death-of-passwords
Biometrics

Will We Live to See the Death of the Password?

Marie Austenaa, Vice President and Head of Personal Data & Mobile Identity, GSMA answers questions about why consumers and companies are turning to biometrics, challenges with adoption and the potential impact it could have on retail and payment sectors.

 

Why are more and more consumers and companies looking to biometric authentication?

The ubiquitous use of mobile devices and the inclusion of digital sensors – touch screens, cameras, microphones and GPS mean the expectation around how these devices can and should be used are changing.

While PINs and passwords are still the most widely used method of authentication, research by IBM showed that on average users can only type at six words per minute on a mobile device – making password entry a  time-intensive and painful task, along with having to remember the correct password in the first place.

Mobile phones are becoming smarter and faster, making biometric authentication a very real and safe alternative to having to manually enter a password via mobile. Take up of the iPhone Passcode mechanism has increased dramatically now that users can use their fingerprint instead of setting up a passcode, whether users accept this as being sufficiently secure way to authorise a financial transaction remains to be seen. Samsung and PayPal probably have the best data on this given their tie-up around the use of the Galaxy 5 fingerprint sensor for PayPal purchases but have not released any data so far (Although apparently there have been 1 million+ activations).

Biometric technologies are becoming increasingly accessible and free through the use of mobile and offer users higher levels of assurance compared to standard PIN entry – as evidenced by Apple’s Touch ID solution – but their use must be sensitively managed.

 

What are the different types of biometric authentication available? How do they differ and which work best?

Today the most commonly used examples of biometric authentication are fingerprint, voice and face recognition.

Biometrics, including voice and face, compliment both apps and mobile devices as they offer consumers and companies an additional choice, control and reassurance over how they authenticate themselves using mobile devices, whether it’s to make a payment, retrieve a coupon or register for a new service.

Research from IBM found that speaking a PIN, voice recognition, was the fastest for biometric entry. Furthermore, the research found that face and voice recognition are fast, but these methods need to check that you’re alive, waiting for you to blink several times, and are not universally usable, and that gestures, such as the use of the Android screen lock pattern, were the most reliable and worked for everyone – though shorter gestures would be needed to cut down the time needed to complete authentication overall.

 

What are the biggest challenges facing companies looking to use this technology?

There are two main but distinctly different challenges when it comes to biometric authentication.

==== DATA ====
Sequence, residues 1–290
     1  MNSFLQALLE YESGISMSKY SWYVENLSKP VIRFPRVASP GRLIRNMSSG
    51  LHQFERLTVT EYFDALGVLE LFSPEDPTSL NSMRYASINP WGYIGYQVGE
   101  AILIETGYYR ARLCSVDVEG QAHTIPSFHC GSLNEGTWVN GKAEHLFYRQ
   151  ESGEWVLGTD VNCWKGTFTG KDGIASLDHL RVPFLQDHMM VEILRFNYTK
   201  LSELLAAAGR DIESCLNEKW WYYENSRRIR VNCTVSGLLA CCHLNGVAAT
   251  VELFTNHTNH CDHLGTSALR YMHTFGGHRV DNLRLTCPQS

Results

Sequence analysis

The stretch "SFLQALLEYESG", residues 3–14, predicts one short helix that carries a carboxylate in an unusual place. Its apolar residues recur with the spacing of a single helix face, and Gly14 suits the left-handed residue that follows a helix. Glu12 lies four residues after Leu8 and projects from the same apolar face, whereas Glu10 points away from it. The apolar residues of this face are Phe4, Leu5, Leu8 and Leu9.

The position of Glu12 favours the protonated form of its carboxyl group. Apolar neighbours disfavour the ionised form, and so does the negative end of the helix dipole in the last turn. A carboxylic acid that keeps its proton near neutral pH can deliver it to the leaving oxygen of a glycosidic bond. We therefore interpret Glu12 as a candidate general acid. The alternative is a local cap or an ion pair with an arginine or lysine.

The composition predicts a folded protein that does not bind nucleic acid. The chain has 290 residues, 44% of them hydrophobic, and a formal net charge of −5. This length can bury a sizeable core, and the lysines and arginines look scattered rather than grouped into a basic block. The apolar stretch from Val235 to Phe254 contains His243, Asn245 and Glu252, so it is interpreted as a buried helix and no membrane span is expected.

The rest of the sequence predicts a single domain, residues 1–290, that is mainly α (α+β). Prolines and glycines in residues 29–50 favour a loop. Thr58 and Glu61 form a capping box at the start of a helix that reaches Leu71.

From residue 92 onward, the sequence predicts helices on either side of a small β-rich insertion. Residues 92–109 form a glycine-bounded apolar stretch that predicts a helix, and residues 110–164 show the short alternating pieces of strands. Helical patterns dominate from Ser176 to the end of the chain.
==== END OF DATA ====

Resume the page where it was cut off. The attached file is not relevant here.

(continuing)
The first has to do with environment. Unlike passwords or PINs, using a mobile device to take a picture to identify facial features or recognise a voice requires a well-lit space that is free of motion and vibration or white noise. Researchers are also still looking at how multiple biometric factors can be used in these instances to accommodate and/or compensate for one poor biometric reading.

The other challenge lies with interoperability and standardisation of how biometric data should and can be used. Mobile identity management services are of little or no value unless service providers – third party website operators and app developers initially – actively want to deploy them within the context of their services.

At present too few third parties recognise the benefits of mobile identity management solutions and arguably not enough has been done to persuade them otherwise. The key to success will be the adoption of standards and the creation of interoperability and industrywide standards that provide guidelines for how companies and brands use biometric data for authentication purposes – this is now being delivered by the FIDO Alliance.


How will biometric authentication impact transactions, payment and retail in the next five years?

Biometrics will not solely revolutionise retail. However, it does stand to impact how consumers and companies look at multiple factor authentications, which provide additional security layers compared to standard methods of authentication.

In most cases it combines something consumers know, such as a passcode or username, with something they have, like my mobile phone or SIM, and ‘Something I am’, such as biometric information – voice, gesture or facial recognition.

The common trend is toward user convenience and this can be achieved through the introduction of new mechanisms such as the mobile phone, the optional use of the fingerprint sensors and moreover through the utilisation of the above mentioned multiple authentication factors.

The mobile phone/SIM card is something consumers have but it can also be something they are. For example it can hold information such as location, a behavioural profile or simple biometric information such as fingerprint scan or voice recognition.

Since the user needs to have possession and control of the mobile phone (phone + fingerprint sensor or phone + secret (PIN) it offers a more secure option to consumers than simply a username and password.

 

IDG Connect has published a series of global commentary around biometrics:

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